*Selected photos and memorabilia provided by the veterans.
The documentary was initially inspired by a journal written by my father, (Anthony L. Fraticelli), in 1942-43. He wrote about his experiences as a Coast Guardsman aboard an ill-fated transport ship, the USS Thomas Stone during 'Operation Torch'. Torpedoed and run aground November 7th 1942, the Stone carried the 39th Regimental Combat Team of the newly formed 9th Division into Algiers. From landings in various ports of North West Africa including; Algiers, Oran, Casablanca, Safi, and others, British and American forces would learn to fight side by side. This Anglo-American invasion force would eventually capture more than 250 thousand German and Italian soldiers pushing them into Tunis. From there, American forces of the 9th Division would continue into Sicily and beyond gaining more experience but not without cost.
AP-59, the USS Thomas Stone after it was torpedoed, towed, then washed aground in Algiers November 1942.
'Hooligans' (as they called them), this partial group were among #25 total Coast Guardsmen assigned to the Thomas Stone. Supplementing the 500 or more Navy Crew, (not exactly endeared by Capt. Bennehoff), they were to help man the small boats for the invasion of Algiers. Top Row; From Left; Unidentified Officer, Unidentified Sailor, Robert Donnelly, Robert Fraley, Matthew Magdic, Unidentified Sailor, Dick Morgan, Unidentified Officer. Bottom Row; Clarence Cray, Philip Kaftka, Joseph Motyka, Sidney Serota, Kenneth Evans, 2 Unidentified Sailors.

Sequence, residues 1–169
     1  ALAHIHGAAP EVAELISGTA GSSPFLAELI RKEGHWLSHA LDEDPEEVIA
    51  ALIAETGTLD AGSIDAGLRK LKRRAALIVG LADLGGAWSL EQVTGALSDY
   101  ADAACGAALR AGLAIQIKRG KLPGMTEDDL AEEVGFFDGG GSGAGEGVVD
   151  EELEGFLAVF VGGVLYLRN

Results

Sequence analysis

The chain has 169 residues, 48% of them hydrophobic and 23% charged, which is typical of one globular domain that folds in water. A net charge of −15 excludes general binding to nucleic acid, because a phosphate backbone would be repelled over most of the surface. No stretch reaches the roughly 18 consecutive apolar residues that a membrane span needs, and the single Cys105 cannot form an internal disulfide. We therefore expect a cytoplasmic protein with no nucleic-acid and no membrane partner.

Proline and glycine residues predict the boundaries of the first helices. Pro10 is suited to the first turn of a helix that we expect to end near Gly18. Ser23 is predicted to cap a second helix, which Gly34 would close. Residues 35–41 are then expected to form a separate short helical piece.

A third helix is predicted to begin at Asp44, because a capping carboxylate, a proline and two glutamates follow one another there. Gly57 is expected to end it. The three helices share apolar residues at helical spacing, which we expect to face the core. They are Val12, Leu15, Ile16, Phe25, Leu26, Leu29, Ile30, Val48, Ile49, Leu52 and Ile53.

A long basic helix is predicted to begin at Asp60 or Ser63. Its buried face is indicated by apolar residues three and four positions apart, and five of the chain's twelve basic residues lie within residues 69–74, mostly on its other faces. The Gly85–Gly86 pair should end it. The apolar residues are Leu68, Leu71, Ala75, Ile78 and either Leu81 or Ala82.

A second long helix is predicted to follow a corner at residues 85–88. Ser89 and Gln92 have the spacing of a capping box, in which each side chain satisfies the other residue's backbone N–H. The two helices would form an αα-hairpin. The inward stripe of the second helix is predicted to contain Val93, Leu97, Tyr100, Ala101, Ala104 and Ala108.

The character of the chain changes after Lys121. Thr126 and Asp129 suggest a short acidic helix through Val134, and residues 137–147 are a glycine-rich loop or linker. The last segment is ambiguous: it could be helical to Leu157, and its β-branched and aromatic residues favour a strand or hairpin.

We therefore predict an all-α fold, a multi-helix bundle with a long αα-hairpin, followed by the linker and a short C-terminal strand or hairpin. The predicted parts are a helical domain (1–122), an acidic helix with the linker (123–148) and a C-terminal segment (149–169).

*Photograph courtesy Steve Motyka.
Sample Collection of National Archives Documents Regarding the USS Thomas Stone
These Documents show the deck log entry for November 7th 1942, details of the torpedo strike, and a partial Coast Guard Muster.
Captain Olton R. Bennehoff
Captain Bennehoff was an ex-mariner and came up traditional Navy ranks as a strict disciplinarian. It's been said he may have saved the day for the imperiled crew of the Thomas Stone. Torpedoed, then towed with great difficulty in dangerous waters, the ship was then tossed around like a toy boat by fierce winds and storms. The French Navy only added to Bennehoff's troubles as they refused the crippled ship the safety of Algiers inner harbor. Wracked by continual disappointments and catastrophe, the ship and crew endured countless air attacks by JU-88's and bombing that would bring any sailor to his knees. As Navy veteran Frank Rush recalls: "There was one guy who pounded his fists on the deck praying to God the bombing would stop." Coast Guardsman Robert Fraley recalled: "It's true we Coast Guardsmen were given lousy details but Bennehoff actually helped save our asses with preparation, drills, and discipline."